Skip to main content

Breathing Easy(er)

I've been in somewhat of a summer funk lately. It hits me every year with the onset of summer: work slows down dramatically, running gets tougher with the onslaught of heat and humidity, and I feel overcome with restlessness and a lack of focus. I blame it on idle time--something I've never been good at handling--and summer just seems to encompass idle time, does it not? While I've never quite figured out how to beat these blues, I've found recently that focusing on breathing is helpful, both in stillness and in physical activity. This is no great discovery; the benefits of breathwork and conscious breathing have been heralded for decades in Western society (and since Ancient times in the East), largely alongside the rising popularity of yoga, which in its most basic form is a focus on the breath.

However, as a lifetime asthmatic with numerous environmental sensitivities, I've always struggled with breathing. Not focused breathing or breathing exercises, but merely breathing on a daily basis. It's something I think about every day--am I breathing with ease today, or is it more of an effort? So when in some yoga classes the instructor has the class do focused breathing exercises, particularly deep breathing, I get anxious. I know this will be one of the most difficult parts of class for me--and it often falls at the end of class, when we are (supposed to be) moving into relaxation. Three-part breath was especially challenging, as, by the time I would get through the second part (filling the rib cage with air, after having filled the abdomen with air), I had almost no capacity to breathe any more air into the third part (the upper chest). (Of course, we would always skip straight to #10 of this technique, which I'm just now realizing is not how it is meant to work). Sometimes I found myself resenting the exercise, or even the instructor--not a very yoga-like reaction. I still tried to do my best with it (most of the time), and after the times I actually accomplished all three parts of the technique, I did feel better, calmer.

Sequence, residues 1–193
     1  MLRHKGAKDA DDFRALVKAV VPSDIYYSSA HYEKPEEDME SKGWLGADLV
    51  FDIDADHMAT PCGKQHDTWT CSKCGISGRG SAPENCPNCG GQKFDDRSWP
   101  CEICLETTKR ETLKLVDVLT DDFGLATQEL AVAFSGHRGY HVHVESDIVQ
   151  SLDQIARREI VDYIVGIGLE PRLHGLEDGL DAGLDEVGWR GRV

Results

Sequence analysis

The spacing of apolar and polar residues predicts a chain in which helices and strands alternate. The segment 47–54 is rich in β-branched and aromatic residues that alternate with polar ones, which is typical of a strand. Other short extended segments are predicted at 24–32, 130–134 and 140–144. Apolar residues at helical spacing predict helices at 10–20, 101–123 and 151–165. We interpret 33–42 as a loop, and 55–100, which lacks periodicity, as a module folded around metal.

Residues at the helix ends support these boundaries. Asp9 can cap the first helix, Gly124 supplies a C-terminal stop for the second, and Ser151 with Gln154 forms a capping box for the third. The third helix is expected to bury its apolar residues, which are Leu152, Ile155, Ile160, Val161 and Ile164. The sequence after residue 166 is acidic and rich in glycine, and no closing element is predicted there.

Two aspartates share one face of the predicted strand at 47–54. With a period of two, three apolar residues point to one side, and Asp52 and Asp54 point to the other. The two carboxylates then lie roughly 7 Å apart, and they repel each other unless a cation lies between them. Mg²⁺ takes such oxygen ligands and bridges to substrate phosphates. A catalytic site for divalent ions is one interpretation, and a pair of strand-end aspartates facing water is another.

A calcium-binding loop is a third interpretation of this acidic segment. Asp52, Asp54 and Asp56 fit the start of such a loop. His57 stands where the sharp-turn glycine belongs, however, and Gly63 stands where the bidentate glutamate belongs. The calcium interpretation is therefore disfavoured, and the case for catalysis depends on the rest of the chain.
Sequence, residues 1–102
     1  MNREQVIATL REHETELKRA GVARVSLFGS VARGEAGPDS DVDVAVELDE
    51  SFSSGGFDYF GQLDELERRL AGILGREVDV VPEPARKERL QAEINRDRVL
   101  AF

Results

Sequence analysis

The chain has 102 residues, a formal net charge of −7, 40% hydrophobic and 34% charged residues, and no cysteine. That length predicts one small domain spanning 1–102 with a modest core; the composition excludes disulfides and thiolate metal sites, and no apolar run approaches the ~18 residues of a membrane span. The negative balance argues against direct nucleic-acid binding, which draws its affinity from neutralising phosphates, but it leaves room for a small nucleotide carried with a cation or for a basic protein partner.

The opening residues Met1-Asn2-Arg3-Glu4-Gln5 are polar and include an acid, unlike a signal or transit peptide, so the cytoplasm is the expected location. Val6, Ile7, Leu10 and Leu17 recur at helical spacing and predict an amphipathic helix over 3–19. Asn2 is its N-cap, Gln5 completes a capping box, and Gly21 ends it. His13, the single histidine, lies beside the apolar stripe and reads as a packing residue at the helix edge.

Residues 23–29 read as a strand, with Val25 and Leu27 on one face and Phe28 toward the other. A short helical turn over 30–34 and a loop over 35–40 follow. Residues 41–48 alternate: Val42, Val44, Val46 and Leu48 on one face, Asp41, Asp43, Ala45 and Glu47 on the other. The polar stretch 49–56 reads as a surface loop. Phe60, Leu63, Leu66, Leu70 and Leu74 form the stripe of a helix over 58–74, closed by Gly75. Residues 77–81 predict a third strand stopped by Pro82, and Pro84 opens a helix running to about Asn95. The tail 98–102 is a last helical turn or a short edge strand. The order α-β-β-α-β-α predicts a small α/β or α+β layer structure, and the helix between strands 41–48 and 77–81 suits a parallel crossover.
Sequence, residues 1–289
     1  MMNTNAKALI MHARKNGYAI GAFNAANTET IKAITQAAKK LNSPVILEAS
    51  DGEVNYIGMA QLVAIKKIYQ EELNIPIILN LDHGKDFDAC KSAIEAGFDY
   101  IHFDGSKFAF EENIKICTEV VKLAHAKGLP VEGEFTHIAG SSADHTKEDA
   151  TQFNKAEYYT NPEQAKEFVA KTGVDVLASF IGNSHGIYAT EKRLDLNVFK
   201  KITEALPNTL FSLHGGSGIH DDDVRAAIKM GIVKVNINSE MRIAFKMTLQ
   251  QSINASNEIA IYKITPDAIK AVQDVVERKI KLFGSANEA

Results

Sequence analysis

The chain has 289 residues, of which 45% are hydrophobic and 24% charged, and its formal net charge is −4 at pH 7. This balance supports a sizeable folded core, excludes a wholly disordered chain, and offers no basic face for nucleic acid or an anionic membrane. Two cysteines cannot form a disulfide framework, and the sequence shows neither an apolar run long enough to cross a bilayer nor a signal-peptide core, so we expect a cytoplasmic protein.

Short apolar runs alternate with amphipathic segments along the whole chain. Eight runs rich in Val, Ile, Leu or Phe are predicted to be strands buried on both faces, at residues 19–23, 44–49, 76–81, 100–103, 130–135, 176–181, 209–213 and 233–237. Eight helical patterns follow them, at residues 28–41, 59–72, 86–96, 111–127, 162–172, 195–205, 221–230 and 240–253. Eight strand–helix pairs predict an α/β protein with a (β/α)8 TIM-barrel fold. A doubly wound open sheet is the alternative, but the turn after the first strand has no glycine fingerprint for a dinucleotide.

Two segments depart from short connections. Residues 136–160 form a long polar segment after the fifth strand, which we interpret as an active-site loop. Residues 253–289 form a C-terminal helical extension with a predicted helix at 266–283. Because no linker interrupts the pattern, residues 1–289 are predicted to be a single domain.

Further, breathing was proving to be more difficult during runs as soon as the air turned humid toward the end of springtime in Florida. I would try to stick with my typical breath pattern of in for three counts (or footfalls), out for two counts, but I started feeling like that wasn't enough, almost like I was hyperventilating, and that would cause anxiety and frustration, which would only make running more difficult. But on one recent run, I tried to do what my body seemed to want (sometimes it's a mystery), and I changed the pattern slightly to in three and out three, and I felt more relaxed about my run. I think it might have slowed my pace a bit, but maybe that's also what I needed. So I felt there was some hope for summer running after all.

This made me think of the transformative nature of breathing, and I thought of how I might be able to apply it in other areas of my life. But I'm very slow to act on even my own ideas, so this thought just sort of got shoved aside for a couple of weeks. But apparently, the universe (or Internet--same difference) wanted me to think about it again, because not long afterward, I came across an article, "A Simple Breathing Exercise to Calm Your Mind & Body," from MindBodyGreen (a site I'm newly hooked on). I tried it while at work, and again I found it helpful. I know part of the helpfulness is just being able to concentrate on something--anything. I often have a hard time centering my mind, but when I am able to, I feel recollected and able to be a bit more productive. Which is oh-so-important during this summer lull.